Near-field communications hasn’t exactly taken off as a verification technology, so a Boston-based start-up is proposing we try an alternative: light-field communications. ByteLight on Wednesday announced the launch of its LFC reader, a terminal the size of a deck of playing cards that can communicate with your smartphone through visible light.
ByteLight is trying to popularize the idea of the light-emitting diode as a transmitter of data – by varying the flicker of an LED, light bulbs wouldn’t just illuminate their surroundings, they could communicate information our devices could pick up through their camera phones’ sensors.
ByteLight’s ultimate goal is to turn any store’s lighting fixtures into a data-casting array, alerting customers of special offers, signing them into their loyalty programs and even providing them detailed maps of the show floor. That’s a pretty ambitious goal for small startup, so ByteLight decided to prove its technology with something a bit more modest, a countertop LFC reader that can be used the same way as an NFC scanner – except requiring no specialty chip in the phone.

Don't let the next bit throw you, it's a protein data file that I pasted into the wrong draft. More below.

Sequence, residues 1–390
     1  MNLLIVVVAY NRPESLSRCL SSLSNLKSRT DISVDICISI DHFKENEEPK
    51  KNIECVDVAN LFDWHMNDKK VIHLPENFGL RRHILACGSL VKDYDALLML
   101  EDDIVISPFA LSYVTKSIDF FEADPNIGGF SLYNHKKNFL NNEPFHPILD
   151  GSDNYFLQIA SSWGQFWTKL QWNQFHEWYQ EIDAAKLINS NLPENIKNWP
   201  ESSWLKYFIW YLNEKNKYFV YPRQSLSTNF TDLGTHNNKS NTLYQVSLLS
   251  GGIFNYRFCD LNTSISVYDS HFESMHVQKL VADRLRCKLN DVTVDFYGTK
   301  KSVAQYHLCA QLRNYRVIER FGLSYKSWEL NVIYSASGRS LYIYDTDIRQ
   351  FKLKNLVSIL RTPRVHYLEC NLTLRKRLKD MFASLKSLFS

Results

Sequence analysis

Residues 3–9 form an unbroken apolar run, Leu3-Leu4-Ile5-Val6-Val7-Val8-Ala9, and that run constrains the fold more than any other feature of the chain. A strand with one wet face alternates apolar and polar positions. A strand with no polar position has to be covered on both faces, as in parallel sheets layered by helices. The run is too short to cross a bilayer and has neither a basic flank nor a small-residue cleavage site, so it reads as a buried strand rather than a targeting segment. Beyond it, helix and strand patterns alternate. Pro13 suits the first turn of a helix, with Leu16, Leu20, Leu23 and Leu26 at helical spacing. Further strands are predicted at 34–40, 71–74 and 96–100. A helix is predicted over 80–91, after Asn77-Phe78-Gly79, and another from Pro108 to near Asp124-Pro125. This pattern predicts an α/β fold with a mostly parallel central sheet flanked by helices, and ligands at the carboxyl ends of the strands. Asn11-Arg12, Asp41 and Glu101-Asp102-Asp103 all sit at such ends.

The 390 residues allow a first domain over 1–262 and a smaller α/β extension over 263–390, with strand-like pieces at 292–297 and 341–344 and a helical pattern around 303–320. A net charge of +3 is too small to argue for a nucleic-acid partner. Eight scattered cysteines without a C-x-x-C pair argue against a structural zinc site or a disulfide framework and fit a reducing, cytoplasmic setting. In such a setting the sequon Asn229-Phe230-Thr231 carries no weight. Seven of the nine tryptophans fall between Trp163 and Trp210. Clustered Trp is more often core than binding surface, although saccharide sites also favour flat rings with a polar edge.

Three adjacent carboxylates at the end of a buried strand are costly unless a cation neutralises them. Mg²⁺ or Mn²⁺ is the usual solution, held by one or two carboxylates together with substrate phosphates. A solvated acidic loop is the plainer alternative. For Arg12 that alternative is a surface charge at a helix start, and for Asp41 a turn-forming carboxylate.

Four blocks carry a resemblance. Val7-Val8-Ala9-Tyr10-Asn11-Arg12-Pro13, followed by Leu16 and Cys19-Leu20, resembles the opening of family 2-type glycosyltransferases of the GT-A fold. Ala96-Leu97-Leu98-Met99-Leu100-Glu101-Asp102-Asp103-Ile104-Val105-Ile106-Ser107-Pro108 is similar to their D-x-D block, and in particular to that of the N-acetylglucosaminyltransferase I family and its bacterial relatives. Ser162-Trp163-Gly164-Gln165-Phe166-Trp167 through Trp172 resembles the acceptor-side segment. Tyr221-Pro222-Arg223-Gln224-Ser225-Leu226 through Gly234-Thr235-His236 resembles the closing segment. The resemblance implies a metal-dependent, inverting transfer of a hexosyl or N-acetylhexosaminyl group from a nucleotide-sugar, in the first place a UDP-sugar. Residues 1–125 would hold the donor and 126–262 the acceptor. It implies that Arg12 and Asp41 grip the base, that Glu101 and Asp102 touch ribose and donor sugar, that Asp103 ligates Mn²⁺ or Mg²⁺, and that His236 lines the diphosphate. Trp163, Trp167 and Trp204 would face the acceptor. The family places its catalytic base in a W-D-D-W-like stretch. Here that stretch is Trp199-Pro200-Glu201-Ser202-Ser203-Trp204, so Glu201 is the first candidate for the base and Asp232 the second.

The term LFC reader is actually a misnomer. Instead of scanning information from the phone like NFC or QR code reader, the LED lights in the device actually transmit data, which is then picked up by the camera sensor and interpreted by software in the phone. Any transaction is then processed by the retailer’s backend software in the cloud. It’s through this software-as-a-service model ByteLight plans to make its money.
According to ByteLight, the advantage in using LFC over NFC isn’t just accessibility (nearly all smartphones have cameras while NFC chips are harder to come by), but also expense and flexibility. The ByteLight reader is basically a programmable low-power light bulb that costs a fraction of what you’d pay for an NFC reader. And while in-store NFC readers are optimized for mobile payments, an LED reader can be programmed to transmit any information, whether it’s location details or in-store promotions.
In fact, ByteLight isn’t focusing on mobile payments at all – at least not yet. The reader’s initial use case is for loyalty programs. The LED reader can verify you’re physically at location or that you’ve made an in-person purchase and then credit your rewards account accordingly. Mobile retail platform maker Appconomy (see disclosure) is conducting a pilot project China. Appconomy’s customers Yummie House, Happy Lemon, Carrefour, Besyo and Golden Phoenix will use the reader and ByteLight’s software in 100 retail locations.
Disclosure: Appconomy is backed by True Ventures, a venture capital firm that is an investor in the parent company of GigaOM/paidContent. Om Malik, founder of GigaOM, is also a venture partner at True.